This gave us the value of π to be 3.2154  which is somewhat smaller than 3.4641 which was the value we had obtained from the 6-slice pizza.

We noticed that the determination of the value of π from the polygons in the 6 and the 12 slice pizzas followed the same equation.  The area of triangle ABC = tan (360°/2n) x r2 and the area of the polygon = n tan (360°/2n) x r2 where n is the number of sides.

100 slice pizza

We next thought of a 100 slice pizza.  Tommy didn’t like the idea again because each slice would be too small and he would remain hungry.  So, we told him not to worry because this pizza would be very large like the size our class room.

With the same equation, the area of a 100-sided polygon in the pizza would be:

100 x tan (360°/200) x r2 = 100 x 0.03142626604 r2 = 3.142626604 r2.  Again, this value was slightly smaller than the two values we had obtained before.

For a 10,000 sided polygon, the area would be 10000 x 0.00031415927 r2 = 3.1415927 r2.  Here are the values we got for the areas of  the different pizzas: 3.4641 r2 (6 slices), 3.2154 r2  (12 slices), 3.142626604 r2 (100 slices), 3.1415927 r2 (10000 slices). We could have kept going but the 20 minutes were up.

Because of the area of Area of a circle = r2 and the area of a 10,000 polygon is 3.1415927 r2, we came up wuth π = 3.1415927 approximately.

Mr Power was thrilled with the answer.

He told the class that this was brilliant but not the only way.  He continued saying that although they had started learning Trig using right angle triangles, they should now know that Trig can be used for any triangles and polygons.  They should also explore how Trig can also be used for any quadrilaterals and polyhedrons.  He gave them several problems from the Trig book as their homework.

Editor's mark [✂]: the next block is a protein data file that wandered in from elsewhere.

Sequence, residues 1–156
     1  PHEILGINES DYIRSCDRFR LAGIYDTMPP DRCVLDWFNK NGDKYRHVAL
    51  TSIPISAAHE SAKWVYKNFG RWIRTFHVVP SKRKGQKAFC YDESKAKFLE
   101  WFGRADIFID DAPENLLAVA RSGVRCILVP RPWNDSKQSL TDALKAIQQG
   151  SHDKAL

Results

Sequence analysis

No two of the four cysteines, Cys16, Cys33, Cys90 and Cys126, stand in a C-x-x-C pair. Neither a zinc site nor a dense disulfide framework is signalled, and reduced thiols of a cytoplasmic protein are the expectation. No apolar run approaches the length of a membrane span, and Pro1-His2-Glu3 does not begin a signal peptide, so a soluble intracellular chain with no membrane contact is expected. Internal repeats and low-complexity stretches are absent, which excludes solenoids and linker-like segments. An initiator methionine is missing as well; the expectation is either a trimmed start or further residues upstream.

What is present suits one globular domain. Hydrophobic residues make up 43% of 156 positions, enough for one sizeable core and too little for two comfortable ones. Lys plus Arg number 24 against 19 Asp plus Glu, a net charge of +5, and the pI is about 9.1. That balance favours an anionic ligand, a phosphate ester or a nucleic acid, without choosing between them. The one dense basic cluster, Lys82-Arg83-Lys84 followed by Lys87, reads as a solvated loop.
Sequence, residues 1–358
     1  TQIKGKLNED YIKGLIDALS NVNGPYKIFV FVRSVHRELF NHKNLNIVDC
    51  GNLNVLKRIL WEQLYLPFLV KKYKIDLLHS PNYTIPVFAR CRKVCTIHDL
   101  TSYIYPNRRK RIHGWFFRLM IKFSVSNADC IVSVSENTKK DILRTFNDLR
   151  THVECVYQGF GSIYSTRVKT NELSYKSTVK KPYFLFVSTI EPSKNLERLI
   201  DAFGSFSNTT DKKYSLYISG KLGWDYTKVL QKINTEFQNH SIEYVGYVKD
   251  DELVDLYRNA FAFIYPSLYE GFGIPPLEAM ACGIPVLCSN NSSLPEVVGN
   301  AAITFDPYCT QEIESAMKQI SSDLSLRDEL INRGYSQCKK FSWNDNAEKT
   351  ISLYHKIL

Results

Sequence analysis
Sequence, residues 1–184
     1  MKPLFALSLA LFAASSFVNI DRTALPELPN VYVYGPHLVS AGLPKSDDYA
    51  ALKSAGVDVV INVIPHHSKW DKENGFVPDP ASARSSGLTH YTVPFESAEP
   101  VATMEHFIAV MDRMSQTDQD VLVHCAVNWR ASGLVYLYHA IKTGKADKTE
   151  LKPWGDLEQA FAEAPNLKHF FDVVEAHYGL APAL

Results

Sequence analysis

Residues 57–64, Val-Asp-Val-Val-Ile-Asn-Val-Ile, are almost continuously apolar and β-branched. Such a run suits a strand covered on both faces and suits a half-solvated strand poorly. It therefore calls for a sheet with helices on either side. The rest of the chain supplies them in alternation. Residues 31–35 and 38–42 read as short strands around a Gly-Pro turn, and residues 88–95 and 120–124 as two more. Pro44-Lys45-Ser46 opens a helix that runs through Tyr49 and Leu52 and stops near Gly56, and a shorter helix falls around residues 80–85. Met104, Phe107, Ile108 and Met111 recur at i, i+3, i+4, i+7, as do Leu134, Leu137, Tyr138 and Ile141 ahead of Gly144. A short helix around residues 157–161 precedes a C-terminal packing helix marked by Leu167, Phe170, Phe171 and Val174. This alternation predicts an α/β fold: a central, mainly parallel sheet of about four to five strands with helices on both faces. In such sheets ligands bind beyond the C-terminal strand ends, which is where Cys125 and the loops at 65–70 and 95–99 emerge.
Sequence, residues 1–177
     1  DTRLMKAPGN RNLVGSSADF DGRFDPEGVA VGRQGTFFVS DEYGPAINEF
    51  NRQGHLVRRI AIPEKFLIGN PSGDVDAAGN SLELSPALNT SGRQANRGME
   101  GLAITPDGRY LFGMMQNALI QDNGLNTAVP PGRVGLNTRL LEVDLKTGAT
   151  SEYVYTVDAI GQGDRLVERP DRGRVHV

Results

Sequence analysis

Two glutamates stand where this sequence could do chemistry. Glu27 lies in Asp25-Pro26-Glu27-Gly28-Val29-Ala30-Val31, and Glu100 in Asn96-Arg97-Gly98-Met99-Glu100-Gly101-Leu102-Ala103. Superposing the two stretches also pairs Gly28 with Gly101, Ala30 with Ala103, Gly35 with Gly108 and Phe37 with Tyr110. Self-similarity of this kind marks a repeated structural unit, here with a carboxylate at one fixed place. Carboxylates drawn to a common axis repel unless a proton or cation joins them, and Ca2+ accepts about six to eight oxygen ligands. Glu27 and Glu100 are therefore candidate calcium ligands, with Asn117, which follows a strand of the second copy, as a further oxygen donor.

Johnny, by now. liked the amazing things he could do with Trig because of the help of the girlfriend he loved.  He wrote the final exam with confidence.  Indeed, he obtained 99% total in the course.  This mark helped him keep the bike because his overall average from all the courses was well above 85 %.  Sara told this story to her Nana (grandma) whom she loved very much. Nana said, “I am not surprised because you are Sarasvati – the goddess of knowledge.  Sara is only your nickname.”


Challenge: Johnny enters a bike run. Sara asks him, “How long is the run?’  Johnny, “I don’t know but based on this map, from the starting point we go 20 km on a road going West, after which the North – East path takes an angle of 70°.  We go for 18 kilometers on this road and then turn onto another road East with an angle of 110° and we go for 15 kilometers.  After that we take a road that brings us back straight to our starting point.”  Sara says, “So, the route is a trapezoid.”  How long did you figure out the bike run to be?

            Solution: We draw a quadrangle ABCD (Fig. 10.6).  Given: AB = 20 km, BC = 18 km, CD = 15 km, angle  ABC = 70°, angle BCD = 110°. Since the sum of the angles ABC and BCD = 180°,  the lines AB and CD must be parallel thus making the quadrangle a trapezoid. We need the sum of all the four sides to get the distance for bike route. The lengths of AB, BC and CD are given, but we need to determine the length of DA to solve this problem.


We draw two vertical lines: CE from C to AB and AF from A to CD.

In the triangle EBC, angle EBC = angle ABC = 70°.

Therefore, CE/BC = sin 70° or CE = BC sin 70° = 18 x 0.9397 = 16.9146 km.

BE/BC = cos 70°  or BE = BC cos 70° = 18 x 0.342 = 6.156 km.

AE = AB – BE = 20 – 6.156 =13.844  km.

Because AB and CD are parallel, CE and AF being perpendiculars to them must also be parallel.

Therefore AF = CE = 16.9146 km.

and CF = EA = 13.844  km.

Because we are given that CD = 15 km, FD =15 – 13.844 = 1.156 km.

Because AF was drawn as a line perpendicular to CD, the triangle AFD is a right angle triangle.  From the Pythagoras theorem

DA2 = AF+ FD= 13.8442  + 1.1562 = 192.993 or DA = 13.892  km.

Therefore, the total distance of the bike route = 20 + 18 +15 + 13.892 = 66.892  km.